A surge in drowning deaths in Australia in the past year has prompted the Royal Life Saving Society to call for urgent action to cut the number by half.


Three hundred and fourteen people drowned in Australia in the 12 months to June this year – the highest number for seven years.

The figures show people in rural and remote areas were twice as likely to drown as people living in a major city. A third of all deaths were among people aged over 55.

Men accounted for 80 per cent of the deaths, and half of all children aged under four who drowned died in backyard swimming pools.

Royal Life Saving Society Australia chief executive Rob Bradley says the statistics highlight the need for urgent solutions to reduce drownings by 50 per cent by 2020.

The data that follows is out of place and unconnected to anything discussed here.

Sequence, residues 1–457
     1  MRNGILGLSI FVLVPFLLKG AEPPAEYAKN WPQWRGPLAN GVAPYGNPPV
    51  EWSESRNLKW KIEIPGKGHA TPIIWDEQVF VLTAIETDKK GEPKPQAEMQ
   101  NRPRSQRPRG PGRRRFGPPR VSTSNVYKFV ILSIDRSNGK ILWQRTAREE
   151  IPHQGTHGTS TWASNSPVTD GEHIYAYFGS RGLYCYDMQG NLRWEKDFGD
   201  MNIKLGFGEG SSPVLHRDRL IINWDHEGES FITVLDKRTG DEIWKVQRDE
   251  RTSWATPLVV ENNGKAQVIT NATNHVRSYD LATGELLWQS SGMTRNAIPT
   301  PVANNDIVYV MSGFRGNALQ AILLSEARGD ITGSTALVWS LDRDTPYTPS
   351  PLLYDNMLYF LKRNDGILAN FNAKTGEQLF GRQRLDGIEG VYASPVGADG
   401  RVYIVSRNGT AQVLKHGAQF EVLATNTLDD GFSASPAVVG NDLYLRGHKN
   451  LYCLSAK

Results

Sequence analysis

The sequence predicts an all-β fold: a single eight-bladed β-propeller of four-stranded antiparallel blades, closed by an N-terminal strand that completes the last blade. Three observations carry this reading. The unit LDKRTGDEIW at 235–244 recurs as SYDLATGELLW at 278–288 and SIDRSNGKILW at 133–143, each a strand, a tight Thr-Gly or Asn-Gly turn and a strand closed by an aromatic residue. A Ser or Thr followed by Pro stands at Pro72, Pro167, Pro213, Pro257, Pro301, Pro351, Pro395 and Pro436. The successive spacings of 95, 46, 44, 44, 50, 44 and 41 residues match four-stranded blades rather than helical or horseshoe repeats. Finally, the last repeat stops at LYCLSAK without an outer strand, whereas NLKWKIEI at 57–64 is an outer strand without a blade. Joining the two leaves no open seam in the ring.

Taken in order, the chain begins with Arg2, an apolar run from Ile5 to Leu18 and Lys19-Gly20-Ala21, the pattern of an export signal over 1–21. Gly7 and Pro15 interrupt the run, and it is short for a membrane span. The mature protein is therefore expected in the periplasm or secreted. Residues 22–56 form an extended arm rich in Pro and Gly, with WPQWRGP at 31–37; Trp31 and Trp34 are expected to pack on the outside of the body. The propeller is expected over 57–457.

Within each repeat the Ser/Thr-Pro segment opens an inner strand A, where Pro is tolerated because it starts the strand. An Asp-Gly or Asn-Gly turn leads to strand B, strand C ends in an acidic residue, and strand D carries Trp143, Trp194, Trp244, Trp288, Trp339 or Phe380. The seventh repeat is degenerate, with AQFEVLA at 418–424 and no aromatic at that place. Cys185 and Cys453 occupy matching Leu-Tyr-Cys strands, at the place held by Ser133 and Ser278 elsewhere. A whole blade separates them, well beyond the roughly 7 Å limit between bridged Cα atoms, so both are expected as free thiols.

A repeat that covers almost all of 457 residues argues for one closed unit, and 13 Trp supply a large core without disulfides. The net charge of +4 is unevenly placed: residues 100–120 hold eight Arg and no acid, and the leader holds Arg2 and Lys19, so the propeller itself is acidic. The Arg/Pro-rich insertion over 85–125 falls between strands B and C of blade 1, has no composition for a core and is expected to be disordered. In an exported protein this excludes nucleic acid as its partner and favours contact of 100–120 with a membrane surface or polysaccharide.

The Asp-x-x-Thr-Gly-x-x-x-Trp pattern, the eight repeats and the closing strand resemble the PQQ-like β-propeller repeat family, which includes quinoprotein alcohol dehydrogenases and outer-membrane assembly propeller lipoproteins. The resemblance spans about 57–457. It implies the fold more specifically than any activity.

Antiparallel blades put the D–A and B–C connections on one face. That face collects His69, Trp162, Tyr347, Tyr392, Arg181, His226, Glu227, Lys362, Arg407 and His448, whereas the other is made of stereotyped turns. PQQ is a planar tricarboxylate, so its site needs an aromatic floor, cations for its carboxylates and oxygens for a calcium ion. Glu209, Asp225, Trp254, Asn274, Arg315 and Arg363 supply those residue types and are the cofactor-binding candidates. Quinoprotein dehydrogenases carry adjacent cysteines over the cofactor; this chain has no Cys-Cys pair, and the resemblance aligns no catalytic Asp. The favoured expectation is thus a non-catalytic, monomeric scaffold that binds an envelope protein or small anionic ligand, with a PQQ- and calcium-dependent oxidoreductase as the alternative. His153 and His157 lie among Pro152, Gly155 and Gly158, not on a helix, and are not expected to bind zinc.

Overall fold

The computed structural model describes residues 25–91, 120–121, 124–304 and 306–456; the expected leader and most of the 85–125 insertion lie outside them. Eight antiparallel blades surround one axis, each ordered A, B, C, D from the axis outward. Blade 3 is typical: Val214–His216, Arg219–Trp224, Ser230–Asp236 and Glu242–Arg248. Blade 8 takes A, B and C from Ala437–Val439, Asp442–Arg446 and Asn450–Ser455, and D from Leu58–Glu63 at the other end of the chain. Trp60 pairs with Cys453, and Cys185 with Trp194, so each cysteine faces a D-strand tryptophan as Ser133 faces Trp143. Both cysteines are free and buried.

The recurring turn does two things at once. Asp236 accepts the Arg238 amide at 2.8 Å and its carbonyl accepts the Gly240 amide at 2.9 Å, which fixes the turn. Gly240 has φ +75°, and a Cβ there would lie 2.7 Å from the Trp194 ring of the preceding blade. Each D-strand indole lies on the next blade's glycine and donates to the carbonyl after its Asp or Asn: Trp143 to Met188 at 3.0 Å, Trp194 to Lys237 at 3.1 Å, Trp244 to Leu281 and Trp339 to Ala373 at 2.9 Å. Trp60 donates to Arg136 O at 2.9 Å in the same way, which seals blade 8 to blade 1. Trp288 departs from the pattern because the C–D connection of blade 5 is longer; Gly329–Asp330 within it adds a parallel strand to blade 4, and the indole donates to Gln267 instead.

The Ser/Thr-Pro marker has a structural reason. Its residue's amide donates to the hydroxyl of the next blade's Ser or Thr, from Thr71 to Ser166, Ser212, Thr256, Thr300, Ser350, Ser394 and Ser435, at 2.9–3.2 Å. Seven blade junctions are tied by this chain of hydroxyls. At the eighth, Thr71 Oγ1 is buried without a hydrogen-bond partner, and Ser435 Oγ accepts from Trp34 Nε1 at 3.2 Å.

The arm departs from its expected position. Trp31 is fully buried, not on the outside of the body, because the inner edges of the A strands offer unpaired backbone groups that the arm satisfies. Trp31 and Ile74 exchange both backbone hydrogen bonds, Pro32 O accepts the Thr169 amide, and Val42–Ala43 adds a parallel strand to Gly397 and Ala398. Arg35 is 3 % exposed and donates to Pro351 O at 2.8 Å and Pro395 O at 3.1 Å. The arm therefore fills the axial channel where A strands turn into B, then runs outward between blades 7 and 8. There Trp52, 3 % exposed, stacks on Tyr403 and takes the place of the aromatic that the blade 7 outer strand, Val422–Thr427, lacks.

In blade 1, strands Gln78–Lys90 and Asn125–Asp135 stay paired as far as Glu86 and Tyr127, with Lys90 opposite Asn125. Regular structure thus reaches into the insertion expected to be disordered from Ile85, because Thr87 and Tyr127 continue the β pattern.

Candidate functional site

“We are staggered and very concerned by the increase in drowning deaths and the reversal of the long-term downward trend,” he said.

Mr Bradley said governments and the community needed to adopt a range of strategies make a real impact.

He said the high number of deaths in rural and remote areas underpinned the need for improved infrastructure and access to swimming and water safety programs.

He said urgent strategies were needed to protect people aged over 55, while identification of river drowning black spots was needed.

Improved legislation on pool fencing was also needed, he said.

“Drowning rises steeply as children become more independent and participate in more high-risk activities such as swimming in rivers, dams and at the beach,” he said.

“Royal Life Saving calls for greater emphasis on building strong skills in swimming, lifesaving and drowning-prevention skills during schooling to prepare youth for the risks associated with swimming, boating, fishing in rivers, dams and the ocean.”